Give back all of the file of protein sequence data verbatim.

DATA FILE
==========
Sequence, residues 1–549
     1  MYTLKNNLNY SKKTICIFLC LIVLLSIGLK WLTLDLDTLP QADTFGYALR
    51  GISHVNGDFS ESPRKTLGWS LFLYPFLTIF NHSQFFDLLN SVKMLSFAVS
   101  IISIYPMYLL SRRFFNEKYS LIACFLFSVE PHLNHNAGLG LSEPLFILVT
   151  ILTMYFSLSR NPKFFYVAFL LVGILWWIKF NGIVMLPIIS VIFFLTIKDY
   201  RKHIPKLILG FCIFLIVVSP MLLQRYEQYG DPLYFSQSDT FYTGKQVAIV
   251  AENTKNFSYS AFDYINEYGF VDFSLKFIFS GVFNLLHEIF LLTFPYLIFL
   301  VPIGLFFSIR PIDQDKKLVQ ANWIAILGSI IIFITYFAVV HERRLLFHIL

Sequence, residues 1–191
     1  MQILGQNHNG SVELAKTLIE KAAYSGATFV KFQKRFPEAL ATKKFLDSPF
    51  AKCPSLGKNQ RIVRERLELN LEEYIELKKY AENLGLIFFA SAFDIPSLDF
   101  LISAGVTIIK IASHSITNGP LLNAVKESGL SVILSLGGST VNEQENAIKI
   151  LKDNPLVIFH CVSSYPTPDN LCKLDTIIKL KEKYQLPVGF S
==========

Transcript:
Sequence, residues 1–549
     1  MYTLKNNLNY SKKTICIFLC LIVLLSIGLK WLTLDLDTLP QADTFGYALR
    51  GISHVNGDFS ESPRKTLGWS LFLYPFLTIF NHSQFFDLLN SVKMLSFAVS
   101  IISIYPMYLL SRRFFNEKYS LIACFLFSVE PHLNHNAGLG LSEPLFILVT
   151  ILTMYFSLSR NPKFFYVAFL LVGILWWIKF NGIVMLPIIS VIFFLTIKDY
   201  RKHIPKLILG FCIFLIVVSP MLLQRYEQYG DPLYFSQSDT FYTGKQVAIV
   251  AENTKNFSYS AFDYINEYGF VDFSLKFIFS GVFNLLHEIF LLTFPYLIFL
   301  VPIGLFFSIR PIDQDKKLVQ ANWIAILGSI IIFITYFAVV HERRLLFHIL

Sequence, residues 1–191
     1  MQILGQNHNG SVELAKTLIE KAAYSGATFV KFQKRFPEAL ATKKFLDSPF
    51  AKCPSLGKNQ RIVRERLELN LEEYIELKKY AENLGLIFFA SAFDIPSLDF
   101  LISAGVTIIK IASHSITNGP LLNAVKESGL SVILSLGGST VNEQENAIKI
   151  LKDNPLVIFH CVSSYPTPDN LCKLDTIIKL KEKYQLPVGF S